The Washington State Supreme Court has upheld Pierce County prosecutors’ right to refile charges against a man whose convictions were overturned in a case that led to restrictions on prosecutors’ use of PowerPoint presentations during closing arguments.
In a 6-3 decision released Thursday, the high court ruled that Edward Michael Glasmann’s constitutional protections against double jeopardy were not violated when prosecutors refiled the original charges against him after his successful appeal.
Glasmann had argued he shouldn’t have again faced first-degree assault and first-degree attempted robbery charges because the jury that heard his first trial on those counts convicted him of lesser offenses, in effect acquitting him of the higher crimes.
He argued that charging him again with the higher counts violated his Fifth Amendment right to be free from being prosecuted twice for the same crime.
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A Supreme Court majority disagreed.
Writing for the majority, Justice Susan Owens said Washington law has long held that prosecutors can refile original charges, including those for higher offenses, against a defendant whose convictions for lesser offenses were overturned on appeal.
“We will overturn our precedent only when someone shows that it is incorrect and harmful,” Owens wrote in an opinion signed by Justices Barbara Madsen, Charles Johnson, Charles Wiggins, Steven Gonzalez and Mary Yu.
“Since Glasmann has not made that showing …, we see no reason to overturn them.”
Justices Debra Stephens, Sheryl Gordon McCloud and Mary Fairhurst dissented, saying Glasmann did face double jeopardy when he was charged again with the higher crimes.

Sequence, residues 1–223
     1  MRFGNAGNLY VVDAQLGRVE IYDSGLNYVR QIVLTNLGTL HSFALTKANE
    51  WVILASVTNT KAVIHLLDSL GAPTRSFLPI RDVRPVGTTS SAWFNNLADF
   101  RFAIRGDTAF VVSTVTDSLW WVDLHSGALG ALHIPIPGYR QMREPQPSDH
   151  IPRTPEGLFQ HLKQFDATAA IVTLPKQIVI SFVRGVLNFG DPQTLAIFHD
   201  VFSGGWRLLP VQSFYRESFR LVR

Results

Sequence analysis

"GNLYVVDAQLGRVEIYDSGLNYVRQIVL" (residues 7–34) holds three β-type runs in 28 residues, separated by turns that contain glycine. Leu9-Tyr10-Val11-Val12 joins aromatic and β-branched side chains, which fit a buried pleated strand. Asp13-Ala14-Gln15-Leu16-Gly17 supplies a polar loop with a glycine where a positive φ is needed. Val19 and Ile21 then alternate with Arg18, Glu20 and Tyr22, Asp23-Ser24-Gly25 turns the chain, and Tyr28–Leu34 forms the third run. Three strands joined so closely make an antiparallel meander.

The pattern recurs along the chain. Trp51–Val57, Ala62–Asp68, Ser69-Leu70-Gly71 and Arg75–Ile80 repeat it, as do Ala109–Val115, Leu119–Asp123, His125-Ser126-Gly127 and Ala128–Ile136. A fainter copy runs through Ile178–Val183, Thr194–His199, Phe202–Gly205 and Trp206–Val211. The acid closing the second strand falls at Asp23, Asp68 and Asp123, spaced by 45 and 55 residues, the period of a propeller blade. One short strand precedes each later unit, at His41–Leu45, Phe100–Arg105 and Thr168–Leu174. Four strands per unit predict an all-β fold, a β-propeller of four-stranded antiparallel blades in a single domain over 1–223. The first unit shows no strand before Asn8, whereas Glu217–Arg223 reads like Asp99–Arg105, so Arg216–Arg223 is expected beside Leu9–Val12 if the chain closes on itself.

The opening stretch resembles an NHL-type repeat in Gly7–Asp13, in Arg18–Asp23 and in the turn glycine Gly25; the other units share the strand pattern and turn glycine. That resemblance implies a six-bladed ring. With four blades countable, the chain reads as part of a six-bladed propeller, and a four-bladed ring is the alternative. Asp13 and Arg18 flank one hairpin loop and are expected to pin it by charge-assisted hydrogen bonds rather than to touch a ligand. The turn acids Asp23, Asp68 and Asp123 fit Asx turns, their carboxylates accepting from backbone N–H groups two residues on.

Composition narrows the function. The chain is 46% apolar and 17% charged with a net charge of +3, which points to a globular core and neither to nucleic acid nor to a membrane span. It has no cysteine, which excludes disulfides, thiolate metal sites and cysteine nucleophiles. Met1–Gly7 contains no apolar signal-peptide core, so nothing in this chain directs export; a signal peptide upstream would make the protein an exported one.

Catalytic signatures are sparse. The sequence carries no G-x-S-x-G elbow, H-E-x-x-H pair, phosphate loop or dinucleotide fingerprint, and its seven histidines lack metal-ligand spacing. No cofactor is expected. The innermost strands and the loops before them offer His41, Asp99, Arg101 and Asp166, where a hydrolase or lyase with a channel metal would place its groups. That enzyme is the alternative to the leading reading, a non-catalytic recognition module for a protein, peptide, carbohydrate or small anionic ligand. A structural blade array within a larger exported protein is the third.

Glasmann was arrested in 2004 for what prosecutors described as a drug- and alcohol-fueled rampage during which he allegedly assaulted and kidnapped his girlfriend in Lakewood.
He was charged with first-degree assault, attempted first-degree robbery, first-degree kidnapping and obstructing a law enforcement officer.
A jury in 2006 convicted him as charged of the kidnapping and obstruction counts but found him guilty of lesser crimes on the assault and attempted robbery counts.
All of the convictions were overturned in 2012 when the Supreme Court determined that the prosecutors had committed misconduct during closing arguments by preparing a PowerPoint slide that showed Glasmann’s photograph with the words, “guilty, guilty, guilty,” written across it in red letters.
That was inflammatory and violated Glasmann’s right to a fair trial, the high court ruled in a 5-4 opinion.
The decision has been cited by higher courts in subsequent reversals, including the felony harassment and prostitution convictions of former Pierce County Superior Court Judge Michael Hecht and recently of Odies Walker, who’d been convicted for masterminding the fatal robbery of an armored-car guard in Lakewood.
After the Supreme Court decision, Pierce County prosecutors reinstated the original charges against Glasmann. He appealed before the case went to trial for the second time.
In Thursday’s opinion, Justice Owens said prosecutors were within their rights.
The jury that heard Glasmann’s trial left blank the verdict forms for the counts of first-degree assault and attempted first-degree robbery, Owens noted.
Washington juries unable to agree on a verdict on a higher count can consider lesser counts without issuing a “guilty” or “not guilty” finding on the higher count.
That meant jurors in Glasmann’s trial were deadlocked on the higher counts and had not acquitted him of them, Owens wrote. Therefore, double jeopardy did not attach to the higher counts, and prosecutors were free to refile them, the justice said.
Stephens said the majority was getting it wrong.
A jury “unable to agree” on the higher counts is not the same thing as a deadlocked jury, she wrote. Under the law, only a judge can declare a jury deadlocked, Stephens added. That did not happen in Glasmann’s case.
“Contrary to the majority’s view, the jury cannot hang itself,” she said. “Without a judicial finding of a manifest necessity for retrial, jeopardy terminates upon entry of the jury’s verdict on the lower charge.”